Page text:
243: Shopify's Muskets, Nvidia Q4, Elastic & AWS, Jim Keller & TSMC, Intel Discrete GPUs, Thinking in Cohorts, Renewable Energy, and Aerial Footage
"you're going to see a lot of exciting CPUs coming from us"
Doubt grows with knowledge.
—Johann Wolfgang von Goethe
🥺 I was playing soccer in the basement with my 3yo (turning 4 in three weeks), and out of the blue he asked me “how many minutes are we dead?” (“Comment de minutes on est mort?”)
It reminded me of when my older boy first understood death. I think he was 5yo at the time, and cried a lot, saying things like “I don’t want maman et papa to die…” 😢
📕 🏋️♂️ Speaking of my kids, I started reading ‘The Way of the Warrior Kid’ by Jocko Willink to my oldest boy. (Jocko’s an ex-Navy SEAL, he has a great podcast where he goes deep into military memoirs and biographies… at least the early episodes I’ve heard are like that, I think he does more interviews now).
My boy is *so* into the book. The first day before bedtime, we read 7 chapters and he didn’t want me to stop.
The lessons boil down to pretty simple things: have a growth mindset instead of a fixed mindset, problems have solutions if you look for them, train your body and your mind, learn how to learn, be humble, ask questions when you don’t understand, figure out your moral code and let it guide your life, be disciplined and organized, face your fears in a safe/controlled setting, the psychology of bullies/learn to defend yourself, etc.
But it’s well-written, funny to a kid that age, and is all stuff I wish I had been taught explicitly in a way that connected with me (like through a badass story!) rather than have had to figure it out piecemeal when I was much older.
If you have kids in the 7-12 age range, I recommend checking this book out.
🚙 🍱 🚕 🗣 If I had to make money driving, I’d much rather deliver food than drive people around. As an introvert, that sounds like a much better job (I could listen to audiobooks and podcasts, not have to interact with people much).
I wonder what the breakdown of introverts vs extroverts would be if Uber did a survey of its drivers (especially those who only drive for Uber or UberEats).
🙋♂️🙋♀️ I’ll soon record the 5% AMA Podcast, so this is your last chance if you’d like to ask a question: You can submit it via this simple form.
I’ve got 14 questions so far, which is fine, but a bit surprising since in the first AMA last year I had 42 questions. I guess I’m growing less interesting over time ¯\_(ツ)_/¯
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Investing & Business
Shopify: Arming the rebels with muskets?
Over the past few years, we’ve heard so much positive stuff about Shopify, and it’s well-deserved. Tobi and Harley are obviously great, etc. But now that the stock is down, some less rosy stuff is coming out, and I think that’s healthy.
I always try to remember the lessons of the book ‘The Halo Effect’ (I always say that this one balances out ‘The Outsiders’ by Will Thorndike, and that together they are more powerful than each book taken separately).
Here are highlights from a thread by Moiz Ali, a Shopify merchant and shareholder:
1. Shopify stock is down 50% over the past 12 months. Its mission may be to "arm the rebels," but it is giving us muskets in a war that is increasingly being fought with machine guns.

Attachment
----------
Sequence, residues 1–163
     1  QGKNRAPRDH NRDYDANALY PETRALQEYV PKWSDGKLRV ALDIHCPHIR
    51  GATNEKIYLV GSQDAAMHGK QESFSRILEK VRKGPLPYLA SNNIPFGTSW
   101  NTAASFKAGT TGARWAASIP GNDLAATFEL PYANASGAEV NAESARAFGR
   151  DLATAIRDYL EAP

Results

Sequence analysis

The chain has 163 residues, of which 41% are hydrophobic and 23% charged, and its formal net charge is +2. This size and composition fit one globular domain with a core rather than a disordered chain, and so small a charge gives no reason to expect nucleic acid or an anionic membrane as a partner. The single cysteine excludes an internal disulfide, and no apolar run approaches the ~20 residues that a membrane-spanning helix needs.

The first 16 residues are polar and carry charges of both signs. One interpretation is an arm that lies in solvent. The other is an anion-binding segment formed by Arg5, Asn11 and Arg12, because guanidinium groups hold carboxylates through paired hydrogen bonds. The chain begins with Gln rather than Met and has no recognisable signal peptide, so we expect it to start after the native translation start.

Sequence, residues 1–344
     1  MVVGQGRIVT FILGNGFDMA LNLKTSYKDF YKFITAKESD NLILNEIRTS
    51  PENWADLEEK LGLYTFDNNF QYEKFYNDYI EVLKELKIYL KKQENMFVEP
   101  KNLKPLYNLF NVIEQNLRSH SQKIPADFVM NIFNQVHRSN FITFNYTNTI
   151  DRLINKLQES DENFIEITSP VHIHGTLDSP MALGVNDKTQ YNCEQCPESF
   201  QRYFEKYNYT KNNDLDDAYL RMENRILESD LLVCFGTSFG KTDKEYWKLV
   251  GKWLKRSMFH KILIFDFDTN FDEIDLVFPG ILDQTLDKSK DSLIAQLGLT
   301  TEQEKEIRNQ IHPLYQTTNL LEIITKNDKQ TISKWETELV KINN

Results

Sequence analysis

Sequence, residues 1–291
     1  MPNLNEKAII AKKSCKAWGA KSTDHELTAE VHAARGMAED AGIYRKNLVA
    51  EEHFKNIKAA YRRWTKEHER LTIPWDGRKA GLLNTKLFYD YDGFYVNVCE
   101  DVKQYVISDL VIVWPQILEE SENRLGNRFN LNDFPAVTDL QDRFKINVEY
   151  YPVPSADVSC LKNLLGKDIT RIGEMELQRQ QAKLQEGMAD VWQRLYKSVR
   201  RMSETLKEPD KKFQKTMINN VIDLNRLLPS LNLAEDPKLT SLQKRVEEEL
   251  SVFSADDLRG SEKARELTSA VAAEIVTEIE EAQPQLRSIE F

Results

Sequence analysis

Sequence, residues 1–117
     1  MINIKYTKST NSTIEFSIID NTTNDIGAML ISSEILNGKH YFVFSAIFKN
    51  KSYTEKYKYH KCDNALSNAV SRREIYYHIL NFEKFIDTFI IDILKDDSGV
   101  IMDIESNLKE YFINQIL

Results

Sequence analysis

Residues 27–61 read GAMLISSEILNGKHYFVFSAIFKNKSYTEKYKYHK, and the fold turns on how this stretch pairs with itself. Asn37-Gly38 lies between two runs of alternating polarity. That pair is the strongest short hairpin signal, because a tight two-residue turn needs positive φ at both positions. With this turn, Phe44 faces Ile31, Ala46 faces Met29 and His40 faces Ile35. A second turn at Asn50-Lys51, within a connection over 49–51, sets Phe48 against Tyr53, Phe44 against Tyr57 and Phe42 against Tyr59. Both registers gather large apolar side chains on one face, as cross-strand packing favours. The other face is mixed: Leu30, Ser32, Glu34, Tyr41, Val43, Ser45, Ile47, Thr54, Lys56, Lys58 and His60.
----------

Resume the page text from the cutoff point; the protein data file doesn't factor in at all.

2. Let me start by saying I own a lot of Shopify stock. I love the brand and want it to do better. Native Deodorant is on Shopify, as are other brands I own. I’m down 6 figures on today’s announcement alone. And I own more Shopify outside this account, so I'm probably down $200K
3. Everyone in e-commerce glorifies Shopify. They should because it is amazing. But it can also be sooo much better. Here is how:
4. Shopify has benefited from two tailwinds over the past few years:
A. Outrageously cheap facebook ads that have made merchants more successful, and
B. The growth of ecommerce (mobile, Amazon, COVID, etc.).
5. It has capitalized on that opportunity!
So many brands built businesses on Shopify as a result of cheap facebook ads. Shopify took advantage of that by building so much infrastructure that it is *THE* place to start a new ecommerce company.
6. Shopify is cheap, reliable, and easy to use. Pretty awesome!
That tailwind (cheap fb ads) is coming to an end however.
That’s what I’m most curious about.
Is the ROI on Facebook ads going down that much? I suppose the DTC sector has grown so much, and more and more niches are getting multiple competitors over time, so the auction mechanism is pricing ads much more “efficiently” and leaving less alpha for advertisers on the table (ie. spending $1 to get back $5, which can then be re-invested into more ads at similar ROI, creating explosive growth).
To a lot of marginal businesses, slight changes to the ROI of ads can be a life & death thing.
Shopify is still benefiting from the growth of e-commerce, but that growth is now slowing too.
7. However, it has had 5 years to arm its rebels with more than muskets, and has failed to do so. Here’s what I mean:
8 Shopify Analytics suck.
You can’t even do cohort analysis on Shopify. Can you believe that? So many brands try to raise money and say 30% of our customers repeat, when they mean that 30% of this month’s revenue came from returning customers.
Why is this important? Cohorts helps merchants understand LTV. This will help merchants market more, and spend more wisely (and probably spend more on marketing overall) on facebook and other platforms. It should take an hour to build. WTF?
He then makes interesting points about subscriptions and audience sharing, and possible problems for larger brands on the platform (I keep hearing how well Shopify Plus is doing, but maybe there’s another side to that story?), which I’m cutting here for length.
Shopify is squandering an opportunity to build a platform that empowers merchants of all sizes.
As the tailwinds that filled its sails fade, it needs to improve by building out more and better products.